words and their bodies. They struggle to know how they are
really feeling and act out when they cannot express themselves
appropriately. They snap at their parents in front of their
teachers. It’s happening all over my house these days.
Jesus was just a boy too. We
don’t like to think of Jesus in these terms though. It’s
sometimes easier to see him as the perfect one, from beginning
to end. Fully human and fully divine. And though some part of
ourselves can admit that Jesus had a human side we keep that
image of perfection in our
minds and we can never achieve that. We didn’t start perfect.
It’s a major problem – keeping people from church, instigating
the leave of many from the church, confusing the rest of us.
Another one of the great human
moments for Jesus as an adult is in his private time of prayer
he laments his purpose in life, wishes there was some other way
to do God’s work. That story alone has been a significant
connection point for my own life when life becomes too much, too
painful, too heartbreaking, and too much work. It is human to
wrestle with giving up. But it is the divine within that urges
us to keep going and keep growing.
My time to speak is short so I
must get to the point. You and I are also sons and daughters of
God. I know we say that Jesus is THE son of God but confession
– to me you are too. Just as blessed. With just as much
purpose. Your mother may not have promised to leave you in the
temple should she be blessed to have a baby (as Hannah did), but
nonetheless you are a child of God. Your mother may not have
been visited by an angel who announced your coming (most angels
today are named EPT) but God is fully invested in your future,
needs you to bring this world into greater harmony, and knows
that you have divine abilities to do the work. The early
Christian teacher Iranaeus proclaimed, “The glory of God is a
human fully alive.” Meaning that incarnation is not just for
one guy born thousands of years ago. Incarnation is here and
now. You are a son of God. You are a daughter of God. You
have a purpose in life and are still growing into it.
I mean let’s face it - we are
never "grown-up" but are always facing new tasks, accepting new
responsibilities that call us to grow even more. Yes, yes, when
we are young perhaps we felt it more – milestones like learning
to read, being a big brother or sister, making friends, to
graduation, your first job, becoming a parent.
But what about the deeper stuff
that we get a taste of as children but only really grasp as
adults? Resolving conflict appropriately, Admitting fault,
saying you are sorry, making amends. Learning to live alone
after losing a loved one. Learning to Forgive others and Forgive
ourselves. Doing Laundry. Wait, scratch that last one. Jesus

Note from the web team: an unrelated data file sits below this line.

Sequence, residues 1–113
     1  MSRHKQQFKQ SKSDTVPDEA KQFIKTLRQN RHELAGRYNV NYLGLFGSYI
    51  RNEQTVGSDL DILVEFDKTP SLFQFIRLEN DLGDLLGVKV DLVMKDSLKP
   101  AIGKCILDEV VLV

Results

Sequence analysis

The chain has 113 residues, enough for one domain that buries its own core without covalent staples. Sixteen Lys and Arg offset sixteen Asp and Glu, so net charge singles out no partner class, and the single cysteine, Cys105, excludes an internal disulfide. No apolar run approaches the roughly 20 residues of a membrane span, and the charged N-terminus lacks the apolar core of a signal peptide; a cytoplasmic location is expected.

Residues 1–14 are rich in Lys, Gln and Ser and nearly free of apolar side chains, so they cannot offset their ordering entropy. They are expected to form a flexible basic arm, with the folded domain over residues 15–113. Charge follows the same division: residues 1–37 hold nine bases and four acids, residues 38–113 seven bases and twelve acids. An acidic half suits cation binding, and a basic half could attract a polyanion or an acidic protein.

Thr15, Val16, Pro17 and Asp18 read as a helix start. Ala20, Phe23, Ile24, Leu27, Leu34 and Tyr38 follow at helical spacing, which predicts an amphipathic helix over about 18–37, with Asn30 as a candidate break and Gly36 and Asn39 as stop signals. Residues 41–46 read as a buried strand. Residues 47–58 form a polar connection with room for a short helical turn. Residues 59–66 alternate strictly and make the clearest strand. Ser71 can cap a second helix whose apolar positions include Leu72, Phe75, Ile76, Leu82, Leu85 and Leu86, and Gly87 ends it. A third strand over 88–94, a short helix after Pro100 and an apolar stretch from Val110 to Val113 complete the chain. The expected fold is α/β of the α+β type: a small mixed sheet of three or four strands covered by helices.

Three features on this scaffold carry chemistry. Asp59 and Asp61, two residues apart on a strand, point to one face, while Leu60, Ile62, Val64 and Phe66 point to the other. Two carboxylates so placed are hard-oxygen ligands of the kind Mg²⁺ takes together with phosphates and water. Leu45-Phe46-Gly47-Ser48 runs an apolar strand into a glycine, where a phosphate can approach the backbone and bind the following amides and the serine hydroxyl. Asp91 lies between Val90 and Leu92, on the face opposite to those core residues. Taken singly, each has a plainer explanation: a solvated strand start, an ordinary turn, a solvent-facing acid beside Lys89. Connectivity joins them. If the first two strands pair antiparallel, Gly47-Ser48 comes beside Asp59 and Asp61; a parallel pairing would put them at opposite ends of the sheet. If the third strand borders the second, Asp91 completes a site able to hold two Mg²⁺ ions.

had these same growing edges.
But there is more – for even as
adults, Samuel and Jesus struggled to stay connected to their
divine purpose. We all have Gethsemane moments!
Think back to that remarkable
child that so quickly came to your mind a moment ago – it was
easy to see the light of God alive in that child, and you
wouldn’t hesitate to be a guiding force, a helpful big brother
or sister or grandparent to him or her on their journey of life.
But what about you, O Sons and
Do you have people in your life,
wise and discerning persons who remind you of God’s investment
in your life?
What would it mean for you to make
growing in wisdom, growing with God a bigger priority in your
life? What is it going to take for you to respond to God’s call
in your life?
It’s happening already.
The internal struggles you face
everyday and the ordinary day to day responsibilities you have
are not lost to God. The person who celebrates 100 years of
living and the child who dies at birth are both remembered by
God. And When you hold all the remarkable children of God in
your life up in prayer, you are growing. When you look out at
the world and breathe deeply before just jumping into the
madness, you are growing. When you see the light of Jesus in
yourself or in someone else, God is calling you, and you are
taking a step forward. When you ask challenging questions, of
your God or your government, not just to win, but to raise
awareness, you are being the light of God in this world. When
you tell someone else they are
loved by God and help them to
understand that faults and all they are divine, you are building
God’s kingdom. If you can allow yourself to keep dreaming, keep
growing, you will fulfill God’s purpose for you in this world.
And if we are all as individuals
growing, and not at all forgotten by God, this means the entire
creation is growing.
Congo, and Darfur are not hidden
to God, even though the world ignores them. We look at the
Sandy Hook and we see tragedy. We are sick, we are heartbroken,
but all is not lost. We can be better. Honest dialogue about
mental illness, prayers abound, volunteers are everywhere,
offering hope, counseling, support.
And all of us are part of the
current, the flowing river of the purposeful movement of God –
always going. Always growing.
May we be Incarnation in this new
Year. May we be more fully alive, and step forward in faith.